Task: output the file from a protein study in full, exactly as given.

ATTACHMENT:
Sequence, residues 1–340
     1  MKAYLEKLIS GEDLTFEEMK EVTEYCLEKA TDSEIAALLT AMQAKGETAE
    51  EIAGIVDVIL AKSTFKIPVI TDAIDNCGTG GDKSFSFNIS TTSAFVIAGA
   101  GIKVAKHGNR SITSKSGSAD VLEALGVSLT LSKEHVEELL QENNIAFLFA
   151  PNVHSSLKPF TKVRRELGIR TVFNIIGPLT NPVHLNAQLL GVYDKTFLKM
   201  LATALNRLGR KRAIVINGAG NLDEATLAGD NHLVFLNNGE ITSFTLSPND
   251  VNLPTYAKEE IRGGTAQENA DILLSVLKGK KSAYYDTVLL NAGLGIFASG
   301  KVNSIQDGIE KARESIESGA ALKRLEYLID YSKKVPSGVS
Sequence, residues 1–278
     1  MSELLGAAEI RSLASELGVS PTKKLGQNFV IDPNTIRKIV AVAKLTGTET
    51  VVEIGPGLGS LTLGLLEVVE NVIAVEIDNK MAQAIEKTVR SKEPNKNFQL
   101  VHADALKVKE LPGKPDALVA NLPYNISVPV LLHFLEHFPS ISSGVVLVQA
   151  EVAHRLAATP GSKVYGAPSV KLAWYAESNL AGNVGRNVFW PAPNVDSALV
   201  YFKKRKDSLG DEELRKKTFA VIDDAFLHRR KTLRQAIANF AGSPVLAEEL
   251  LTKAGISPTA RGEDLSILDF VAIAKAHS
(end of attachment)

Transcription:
Sequence, residues 1–340
     1  MKAYLEKLIS GEDLTFEEMK EVTEYCLEKA TDSEIAALLT AMQAKGETAE
    51  EIAGIVDVIL AKSTFKIPVI TDAIDNCGTG GDKSFSFNIS TTSAFVIAGA
   101  GIKVAKHGNR SITSKSGSAD VLEALGVSLT LSKEHVEELL QENNIAFLFA
   151  PNVHSSLKPF TKVRRELGIR TVFNIIGPLT NPVHLNAQLL GVYDKTFLKM
   201  LATALNRLGR KRAIVINGAG NLDEATLAGD NHLVFLNNGE ITSFTLSPND
   251  VNLPTYAKEE IRGGTAQENA DILLSVLKGK KSAYYDTVLL NAGLGIFASG
   301  KVNSIQDGIE KARESIESGA ALKRLEYLID YSKKVPSGVS
Sequence, residues 1–278
     1  MSELLGAAEI RSLASELGVS PTKKLGQNFV IDPNTIRKIV AVAKLTGTET
    51  VVEIGPGLGS LTLGLLEVVE NVIAVEIDNK MAQAIEKTVR SKEPNKNFQL
   101  VHADALKVKE LPGKPDALVA NLPYNISVPV LLHFLEHFPS ISSGVVLVQA
   151  EVAHRLAATP GSKVYGAPSV KLAWYAESNL AGNVGRNVFW PAPNVDSALV
   201  YFKKRKDSLG DEELRKKTFA VIDDAFLHRR KTLRQAIANF AGSPVLAEEL
   251  LTKAGISPTA RGEDLSILDF VAIAKAHS